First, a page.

Volunteers are cleaning up broken glass and debris in downtown Chicago after a night of tense protests nationwide over George Floyd’s death.

Demonstrations that started out peacefully Saturday gave way to violence and destruction around the city, prompting Mayor Lori Lightfoot to order a 9 p.m. to 6 a.m. curfew indefinitely and city officials to raise bridges to limit access to Chicago’s business core.

At least four people were shot amid the chaos, including one fatally. Chicago police say there were “multiple” arrests, but could not immediately offer more specific details.

Businesses in Philadelphia and Pittsburgh also began to clean up after peaceful protests over George Floyd’s death turned into a night of destruction in the two cities and others throughout the country.

In Philadelphia, business owners, workers and volunteers were sweeping up broken glass and boarding up smashed windows in blocks near Philadelphia’s City Hall even as people could still be seen emerging from broken-into stores carrying bags.

Crews were also cleaning up anti-police and other graffiti scrawled on the walls of Philadelphia’s City Hall.

Both cities implemented citywide curfews that were to be in effect Sunday night as well. Gov. Tom Wolf signed a disaster emergency declaration authorizing the adjutant general of the state National Guard and the Pennsylvania State Police Commissioner to activate personnel to help cities.

In Philadelphia, police say 100 people had been arrested as of early this morning, including 43 for burglary and one for assault on a police officer. Police say 13 officers were injured, including a bike officer whose leg was broken when he was run over by suspect fleeing in a vehicle with stolen items from a business.

In Pittsburgh, the public safety department said 43 adults and one juvenile were arrested during the Saturday mayhem. Four police officers were injured but all had been discharged from local hospitals.

— AP

Police reportedly probing allegations of false testimony submitted on Sara Netanyahu’s behalf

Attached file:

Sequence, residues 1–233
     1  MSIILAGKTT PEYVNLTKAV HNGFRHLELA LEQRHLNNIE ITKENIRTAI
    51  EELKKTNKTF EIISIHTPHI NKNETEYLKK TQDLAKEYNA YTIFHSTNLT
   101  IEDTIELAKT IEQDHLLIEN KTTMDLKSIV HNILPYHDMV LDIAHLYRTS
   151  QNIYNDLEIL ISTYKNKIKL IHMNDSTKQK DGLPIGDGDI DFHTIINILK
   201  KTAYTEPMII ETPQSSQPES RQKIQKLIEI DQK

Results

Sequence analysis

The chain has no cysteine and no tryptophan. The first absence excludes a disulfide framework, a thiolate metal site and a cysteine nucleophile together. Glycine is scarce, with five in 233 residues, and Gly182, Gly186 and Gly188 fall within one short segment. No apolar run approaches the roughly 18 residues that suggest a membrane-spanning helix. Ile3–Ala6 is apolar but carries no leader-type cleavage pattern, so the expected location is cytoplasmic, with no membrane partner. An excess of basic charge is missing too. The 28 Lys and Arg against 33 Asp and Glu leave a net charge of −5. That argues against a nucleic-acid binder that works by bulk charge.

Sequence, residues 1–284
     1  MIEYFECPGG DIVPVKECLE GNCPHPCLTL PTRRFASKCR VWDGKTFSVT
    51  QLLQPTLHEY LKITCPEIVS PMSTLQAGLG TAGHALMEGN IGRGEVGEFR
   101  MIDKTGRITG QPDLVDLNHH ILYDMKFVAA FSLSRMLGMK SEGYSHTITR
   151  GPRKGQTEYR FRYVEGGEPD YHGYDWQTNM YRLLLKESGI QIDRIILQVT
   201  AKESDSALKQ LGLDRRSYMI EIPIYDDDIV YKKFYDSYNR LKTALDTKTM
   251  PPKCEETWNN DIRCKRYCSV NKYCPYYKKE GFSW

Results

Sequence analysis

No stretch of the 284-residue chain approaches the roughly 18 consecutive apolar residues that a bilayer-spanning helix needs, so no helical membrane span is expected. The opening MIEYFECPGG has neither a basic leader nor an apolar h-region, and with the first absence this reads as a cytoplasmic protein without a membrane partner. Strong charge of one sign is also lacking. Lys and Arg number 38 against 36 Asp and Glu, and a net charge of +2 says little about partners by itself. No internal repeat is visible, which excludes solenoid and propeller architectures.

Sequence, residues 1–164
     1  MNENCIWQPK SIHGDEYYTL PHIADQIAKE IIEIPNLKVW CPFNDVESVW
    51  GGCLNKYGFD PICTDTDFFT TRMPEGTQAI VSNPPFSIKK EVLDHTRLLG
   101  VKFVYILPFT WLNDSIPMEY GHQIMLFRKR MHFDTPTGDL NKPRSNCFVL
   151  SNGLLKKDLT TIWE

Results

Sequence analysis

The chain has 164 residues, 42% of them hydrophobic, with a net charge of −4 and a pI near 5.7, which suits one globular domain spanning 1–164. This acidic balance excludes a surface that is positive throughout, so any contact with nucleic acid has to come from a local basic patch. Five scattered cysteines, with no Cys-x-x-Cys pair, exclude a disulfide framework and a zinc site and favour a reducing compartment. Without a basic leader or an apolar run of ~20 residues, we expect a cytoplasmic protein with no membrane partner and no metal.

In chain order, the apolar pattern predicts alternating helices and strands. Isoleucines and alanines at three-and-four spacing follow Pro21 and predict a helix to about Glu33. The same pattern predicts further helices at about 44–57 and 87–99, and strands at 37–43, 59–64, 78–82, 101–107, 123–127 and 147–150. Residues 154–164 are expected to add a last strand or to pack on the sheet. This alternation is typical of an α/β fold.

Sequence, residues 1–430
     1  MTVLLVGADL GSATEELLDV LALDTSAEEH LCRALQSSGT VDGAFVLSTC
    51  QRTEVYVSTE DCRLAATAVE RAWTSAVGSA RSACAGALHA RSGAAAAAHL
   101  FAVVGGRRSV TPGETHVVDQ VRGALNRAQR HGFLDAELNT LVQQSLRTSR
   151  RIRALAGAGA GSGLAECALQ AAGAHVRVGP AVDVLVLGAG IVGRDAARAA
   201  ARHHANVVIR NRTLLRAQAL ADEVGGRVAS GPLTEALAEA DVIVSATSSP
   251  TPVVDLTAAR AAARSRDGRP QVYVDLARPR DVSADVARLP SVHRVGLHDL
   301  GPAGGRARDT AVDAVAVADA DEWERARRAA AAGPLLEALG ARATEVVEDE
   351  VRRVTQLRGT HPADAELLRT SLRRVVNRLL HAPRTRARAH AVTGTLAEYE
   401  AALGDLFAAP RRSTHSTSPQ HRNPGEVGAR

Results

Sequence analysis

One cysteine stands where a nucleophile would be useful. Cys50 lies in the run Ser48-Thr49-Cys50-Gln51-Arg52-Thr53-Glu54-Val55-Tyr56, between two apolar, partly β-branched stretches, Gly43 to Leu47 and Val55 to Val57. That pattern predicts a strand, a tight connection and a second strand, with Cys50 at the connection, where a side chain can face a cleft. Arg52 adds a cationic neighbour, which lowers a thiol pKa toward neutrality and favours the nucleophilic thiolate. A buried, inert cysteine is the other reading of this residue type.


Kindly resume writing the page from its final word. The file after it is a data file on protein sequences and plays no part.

Police have opened an investigation into alleged false testimony that was submitted on Sara Netanyahu’s behalf in the probe involving allegations of mistreatment of workers by the prime minister’s wife at the official residence, Channel 12 reports.

According to the report, police are probing whether Netanyahu associates pressured a pair of employees to provide false testimony to counter the allegations made by former employee Shira Raban against the prime minister’s wife.

The state notified Raban’s attorney that it wants to look into the new allegations before proceeding in her case.

Late last year, Mrs. Netanyahu testified in court in a civil suit in which she is the defendant. Netanyahu called former prime minister’s residence employee Shira Raban, who is suing her for abusive work conditions, a liar, and accused her of trying to extort the country.

Minnesota officials say aggressive approach toward protests helped

Officials in Minnesota say a more aggressive approach helped prevent another night of dangerous and damaging violence in Minneapolis from protests over the death of George Floyd.

The state poured thousands more National Guard soldiers into a response that came after repeated days of arson, property damage and looting on the city’s south side.